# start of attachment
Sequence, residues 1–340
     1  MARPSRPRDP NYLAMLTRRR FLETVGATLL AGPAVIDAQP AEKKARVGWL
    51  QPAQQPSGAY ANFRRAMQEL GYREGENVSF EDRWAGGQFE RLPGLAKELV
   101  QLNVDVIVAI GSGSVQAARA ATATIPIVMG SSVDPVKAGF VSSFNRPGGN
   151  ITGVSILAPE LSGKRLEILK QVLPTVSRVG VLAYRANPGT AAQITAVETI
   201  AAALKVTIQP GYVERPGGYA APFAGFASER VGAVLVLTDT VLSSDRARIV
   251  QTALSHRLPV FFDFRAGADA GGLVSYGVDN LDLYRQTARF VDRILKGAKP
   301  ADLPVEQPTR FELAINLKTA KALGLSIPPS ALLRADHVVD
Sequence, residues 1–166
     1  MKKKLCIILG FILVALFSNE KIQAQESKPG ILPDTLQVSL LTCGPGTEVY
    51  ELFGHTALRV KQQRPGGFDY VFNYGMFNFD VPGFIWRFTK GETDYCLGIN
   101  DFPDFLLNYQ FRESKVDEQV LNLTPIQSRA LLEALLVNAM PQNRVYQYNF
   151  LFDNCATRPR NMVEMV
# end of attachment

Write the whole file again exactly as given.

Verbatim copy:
Sequence, residues 1–340
     1  MARPSRPRDP NYLAMLTRRR FLETVGATLL AGPAVIDAQP AEKKARVGWL
    51  QPAQQPSGAY ANFRRAMQEL GYREGENVSF EDRWAGGQFE RLPGLAKELV
   101  QLNVDVIVAI GSGSVQAARA ATATIPIVMG SSVDPVKAGF VSSFNRPGGN
   151  ITGVSILAPE LSGKRLEILK QVLPTVSRVG VLAYRANPGT AAQITAVETI
   201  AAALKVTIQP GYVERPGGYA APFAGFASER VGAVLVLTDT VLSSDRARIV
   251  QTALSHRLPV FFDFRAGADA GGLVSYGVDN LDLYRQTARF VDRILKGAKP
   301  ADLPVEQPTR FELAINLKTA KALGLSIPPS ALLRADHVVD
Sequence, residues 1–166
     1  MKKKLCIILG FILVALFSNE KIQAQESKPG ILPDTLQVSL LTCGPGTEVY
    51  ELFGHTALRV KQQRPGGFDY VFNYGMFNFD VPGFIWRFTK GETDYCLGIN
   101  DFPDFLLNYQ FRESKVDEQV LNLTPIQSRA LLEALLVNAM PQNRVYQYNF
   151  LFDNCATRPR NMVEMV